This article was originally published by Radio Free Europe/Radio Liberty and is reprinted with permission.
During and after the 15-month prison sentence she served after admitting to working as an unregistered foreign agent, Maria Butina complained about both her sentence — “this is absolutely absurd” — and her treatment in prison — “it is a torture.”
When she returned to Moscow last month, to a hero’s welcome, she repeated some of those complaints, saying her sentence was excessive, and also thanked Russian President Vladimir Putin, who at one point called her prosecution “arbitrary.”
Three weeks later, Butina is entertaining job offers, including one from the state human rights commissioner to be an advocate for other Russians who Moscow asserts are facing injustice behind bars in the United States and other countries.
It’s not quite as flashy as the gig that another Russian woman who pleaded guilty to a similar U.S. criminal charge and was deported a decade earlier ended up getting upon returning home: Anna Chapman, who has been a TV show host, magazine editor, and lingerie model.
But the position, if Butina were to accept it, would put her in a prominent role in service to an ongoing campaign in which Moscow has accused the United States of “hunting” Russian citizens around the world.
The United States denies its law enforcement actions target citizens of any specific country.
To her defenders, and critics of the U.S. case, Butina was the victim of mob hysteria, caught up in a wave of anti-Russia sentiment that they claim infected U.S. politics and society, particularly in the run-up and after the 2016 presidential election that was won by Donald Trump.
The first two years of Trump’s presidency were shadowed by allegations that his allies colluded with Russian officials and by the U.S intelligence community’s conclusion that Russia meddled in the 2016 election.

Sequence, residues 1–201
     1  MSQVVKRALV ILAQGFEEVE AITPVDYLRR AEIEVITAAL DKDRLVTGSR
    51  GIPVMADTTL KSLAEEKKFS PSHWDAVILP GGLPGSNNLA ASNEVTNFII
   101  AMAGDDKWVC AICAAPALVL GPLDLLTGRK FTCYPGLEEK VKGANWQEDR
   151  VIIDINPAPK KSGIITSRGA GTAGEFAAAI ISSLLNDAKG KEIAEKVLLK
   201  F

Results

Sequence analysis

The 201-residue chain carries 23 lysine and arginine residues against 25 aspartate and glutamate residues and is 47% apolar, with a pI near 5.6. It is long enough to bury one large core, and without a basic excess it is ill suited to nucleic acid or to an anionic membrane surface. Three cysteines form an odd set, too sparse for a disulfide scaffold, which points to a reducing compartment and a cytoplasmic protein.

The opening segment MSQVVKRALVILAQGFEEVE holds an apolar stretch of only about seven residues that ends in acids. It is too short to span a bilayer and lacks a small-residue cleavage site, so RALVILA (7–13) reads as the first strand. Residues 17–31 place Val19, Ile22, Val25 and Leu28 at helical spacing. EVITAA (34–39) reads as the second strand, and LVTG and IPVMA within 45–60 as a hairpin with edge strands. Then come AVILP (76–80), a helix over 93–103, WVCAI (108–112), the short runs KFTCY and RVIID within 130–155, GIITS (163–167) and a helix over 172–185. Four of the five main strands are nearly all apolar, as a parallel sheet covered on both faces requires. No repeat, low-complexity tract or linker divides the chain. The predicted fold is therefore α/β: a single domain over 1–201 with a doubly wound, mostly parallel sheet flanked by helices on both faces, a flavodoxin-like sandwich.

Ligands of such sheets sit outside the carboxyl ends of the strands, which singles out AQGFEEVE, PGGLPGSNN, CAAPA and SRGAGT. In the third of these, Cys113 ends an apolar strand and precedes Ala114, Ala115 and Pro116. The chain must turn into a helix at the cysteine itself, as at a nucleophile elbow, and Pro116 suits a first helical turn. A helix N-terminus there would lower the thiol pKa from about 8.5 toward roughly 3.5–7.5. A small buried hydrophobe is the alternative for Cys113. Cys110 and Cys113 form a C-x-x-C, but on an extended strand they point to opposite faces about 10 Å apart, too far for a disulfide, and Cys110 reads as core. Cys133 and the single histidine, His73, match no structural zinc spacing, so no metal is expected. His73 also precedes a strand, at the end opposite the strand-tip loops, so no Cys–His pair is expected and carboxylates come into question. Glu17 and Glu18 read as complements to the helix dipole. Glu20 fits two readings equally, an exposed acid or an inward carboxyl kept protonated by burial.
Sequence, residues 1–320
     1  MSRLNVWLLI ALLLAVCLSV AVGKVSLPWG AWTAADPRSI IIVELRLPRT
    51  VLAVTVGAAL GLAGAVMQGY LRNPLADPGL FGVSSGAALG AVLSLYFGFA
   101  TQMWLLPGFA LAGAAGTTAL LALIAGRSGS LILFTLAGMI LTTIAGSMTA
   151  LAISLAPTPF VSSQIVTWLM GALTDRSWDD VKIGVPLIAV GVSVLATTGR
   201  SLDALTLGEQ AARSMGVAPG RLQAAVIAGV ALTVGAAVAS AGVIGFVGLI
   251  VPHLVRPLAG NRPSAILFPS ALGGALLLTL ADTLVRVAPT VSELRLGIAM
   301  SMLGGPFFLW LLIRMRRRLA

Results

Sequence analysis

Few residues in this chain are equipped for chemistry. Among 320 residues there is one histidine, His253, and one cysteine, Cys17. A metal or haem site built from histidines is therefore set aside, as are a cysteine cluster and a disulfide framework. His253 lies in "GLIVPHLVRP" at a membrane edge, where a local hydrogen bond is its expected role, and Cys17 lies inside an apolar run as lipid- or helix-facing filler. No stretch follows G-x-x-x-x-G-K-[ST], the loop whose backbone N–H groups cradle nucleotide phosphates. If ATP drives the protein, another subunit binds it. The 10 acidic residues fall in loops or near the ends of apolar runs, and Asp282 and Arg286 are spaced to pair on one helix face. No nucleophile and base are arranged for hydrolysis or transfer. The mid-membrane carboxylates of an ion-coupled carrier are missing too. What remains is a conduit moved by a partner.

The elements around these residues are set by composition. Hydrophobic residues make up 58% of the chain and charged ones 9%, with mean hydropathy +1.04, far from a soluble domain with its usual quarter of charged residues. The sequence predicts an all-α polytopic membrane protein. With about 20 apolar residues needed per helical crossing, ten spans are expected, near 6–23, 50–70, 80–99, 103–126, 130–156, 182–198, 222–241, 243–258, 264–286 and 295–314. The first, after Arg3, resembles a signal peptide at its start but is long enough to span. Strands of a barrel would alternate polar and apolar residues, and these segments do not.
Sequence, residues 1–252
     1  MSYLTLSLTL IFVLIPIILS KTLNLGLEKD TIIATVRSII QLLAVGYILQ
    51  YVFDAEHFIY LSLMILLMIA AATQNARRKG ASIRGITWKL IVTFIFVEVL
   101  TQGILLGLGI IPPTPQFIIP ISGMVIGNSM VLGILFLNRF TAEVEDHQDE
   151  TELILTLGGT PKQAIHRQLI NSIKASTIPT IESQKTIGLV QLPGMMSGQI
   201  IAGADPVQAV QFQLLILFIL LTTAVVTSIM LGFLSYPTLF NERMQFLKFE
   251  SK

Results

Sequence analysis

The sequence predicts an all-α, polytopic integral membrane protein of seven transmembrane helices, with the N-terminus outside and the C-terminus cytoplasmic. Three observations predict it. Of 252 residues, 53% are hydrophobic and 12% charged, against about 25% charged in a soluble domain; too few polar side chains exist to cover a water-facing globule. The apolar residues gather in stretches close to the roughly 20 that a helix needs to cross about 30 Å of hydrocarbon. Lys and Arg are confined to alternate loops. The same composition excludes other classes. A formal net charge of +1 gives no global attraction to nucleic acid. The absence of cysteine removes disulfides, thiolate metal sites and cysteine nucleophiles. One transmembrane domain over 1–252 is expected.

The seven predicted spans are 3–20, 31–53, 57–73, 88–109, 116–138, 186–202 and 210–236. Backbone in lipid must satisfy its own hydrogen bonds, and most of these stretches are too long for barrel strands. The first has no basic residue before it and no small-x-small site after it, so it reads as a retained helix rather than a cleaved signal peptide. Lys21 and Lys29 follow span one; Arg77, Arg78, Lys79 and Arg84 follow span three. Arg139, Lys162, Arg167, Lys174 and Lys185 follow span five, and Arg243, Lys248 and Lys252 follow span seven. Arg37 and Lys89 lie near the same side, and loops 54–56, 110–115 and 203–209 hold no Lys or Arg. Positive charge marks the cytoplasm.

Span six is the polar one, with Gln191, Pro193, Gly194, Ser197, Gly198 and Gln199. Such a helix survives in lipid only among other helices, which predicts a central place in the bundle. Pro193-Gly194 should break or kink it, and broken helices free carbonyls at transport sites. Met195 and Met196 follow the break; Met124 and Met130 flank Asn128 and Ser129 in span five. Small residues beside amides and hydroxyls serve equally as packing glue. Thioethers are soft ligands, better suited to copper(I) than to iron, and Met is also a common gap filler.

Butina’s case was prosecuted by lawyers for the U.S. Justice Department, but was unconnected to the investigation overseen by Special Counsel Robert Mueller, which also documented a Russian-government-orchestrated interference campaign.
Butina, who had kept out of the public eye after a warm welcome at a Moscow airport on October 26, made her first public appearance on November 18 at a media event hosted by the Kremlin-appointed human rights commissioner, Tatyana Moskalkova.
During the event, Butina repeated her past thanks for Putin for his support during her incarceration.
“Even the president of the Russian Federation defended me, just a student from some university, because being a Russian citizen is more than enough for the president to speak out in your support,” she said. “I wanted to express my deep gratitude to Vladimir Vladimirovich for his repeated statements in my defense.”
“I saw it, I know it, I really appreciate it. I am very proud that I was born and raised here and that I am a Russian citizen. I hope to benefit my homeland in the future,” she said.
Moskalkova, echoing Butina’s praise of Putin, asserted that he had been involved in the cases of other Russians jailed abroad, helping “those who have fallen into a difficult life situation or have become hostage to political insinuations and complex international relations.”